When Cats Lick Themselves Too Much

Why a cat may over-groom, and how to know that it’s happening.


The typical cat grooms herself at least 30 percent of the day, and sometimes up to 50 percent. It’s normal. But with so much time spent licking and gently biting at their coats, how can you tell when a cat is over-grooming? It’s an important question because too much grooming can be a sign of a number of conditions that require medical treatment. These include:

Allergies. Allergies appear to be the most common cause of excess grooming, says Tufts veterinary dermatologist, Ramón Almela, DVM. (Instead of watery eyes and sneezing, allergies in cats are generally manifested by excessive licking.)

Pain. Licking can be self-soothing for a cat in pain. Sometimes a cat will lick an area on her body that hurts, but where she licks isn’t always related to her discomfort. Consider that some of the illnesses that cause over-grooming don’t appear on or right under a cat’s coat. These include gastrointestinal diseases and bladder inflammation (cystitis), arthritis, and full anal sacs.

Infections. Fleas and ticks can send a cat into grooming overdrive. So can skin infections caused by bacteria or other pathogens.

Feline hyperaesthesia. This is a condition in which a cat experiences hypersensitivity to being touched, either by petting or, say, being groomed with a brush. A rare neurological condition, it results in high-gear self-grooming as a way to get a handle on the sensitivity.

Psychogenic alopecia. This is rare, but sometimes a cat will over-groom as a response to anxiety. The anxiety can stem from changes in the household, a dramatic change in schedule, or a severe dearth of environmental enrichment. Physical causes of excess grooming should be ruled out before psychogenic alopecia is considered.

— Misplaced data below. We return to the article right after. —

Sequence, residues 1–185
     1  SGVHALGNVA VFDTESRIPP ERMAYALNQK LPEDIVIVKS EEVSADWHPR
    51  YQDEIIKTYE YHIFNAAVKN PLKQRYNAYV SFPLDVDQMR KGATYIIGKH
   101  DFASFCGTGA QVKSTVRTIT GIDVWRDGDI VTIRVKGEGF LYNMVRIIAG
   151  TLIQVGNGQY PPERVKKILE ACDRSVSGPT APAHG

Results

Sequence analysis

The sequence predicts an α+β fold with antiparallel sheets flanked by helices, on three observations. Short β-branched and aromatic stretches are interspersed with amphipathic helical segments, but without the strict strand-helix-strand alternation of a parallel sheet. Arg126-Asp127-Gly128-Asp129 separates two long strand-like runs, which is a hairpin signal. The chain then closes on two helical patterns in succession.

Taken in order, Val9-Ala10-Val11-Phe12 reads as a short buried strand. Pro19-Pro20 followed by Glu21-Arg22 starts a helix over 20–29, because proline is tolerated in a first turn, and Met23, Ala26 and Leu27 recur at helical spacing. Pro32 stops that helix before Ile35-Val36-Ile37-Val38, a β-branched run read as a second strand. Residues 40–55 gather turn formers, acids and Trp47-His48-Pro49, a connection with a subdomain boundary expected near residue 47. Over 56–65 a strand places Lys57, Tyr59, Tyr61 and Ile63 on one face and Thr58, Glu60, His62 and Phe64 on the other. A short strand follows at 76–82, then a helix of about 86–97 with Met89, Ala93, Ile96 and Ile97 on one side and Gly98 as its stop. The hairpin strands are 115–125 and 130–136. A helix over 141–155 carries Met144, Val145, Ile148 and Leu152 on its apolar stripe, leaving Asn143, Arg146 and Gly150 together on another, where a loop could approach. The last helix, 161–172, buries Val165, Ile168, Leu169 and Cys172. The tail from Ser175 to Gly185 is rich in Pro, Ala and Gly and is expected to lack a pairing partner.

How do you know if your cat is excessively self-grooming?

Because cats groom themselves so much of the day, you might wonder how you can tell if your pet is overdoing it. Here’s how to tell.

  • Frequently biting a certain area or pulling out hairs there, often to the point of creating bald spots.
  • Change in fur color, often to a brownish tint.
  • Licking frantically — often. Cats tend to go at it with a bit of a vengeance here and there, but if you’re familiar with your cat’s grooming habits in general, you’ll sense when they’ve crossed the line, so to speak. In some cases, the grooming is so insistent that when people try to stop it, their cat will growl at them.

If you see or even sense that your cat is over-grooming, a veterinary visit is in order.


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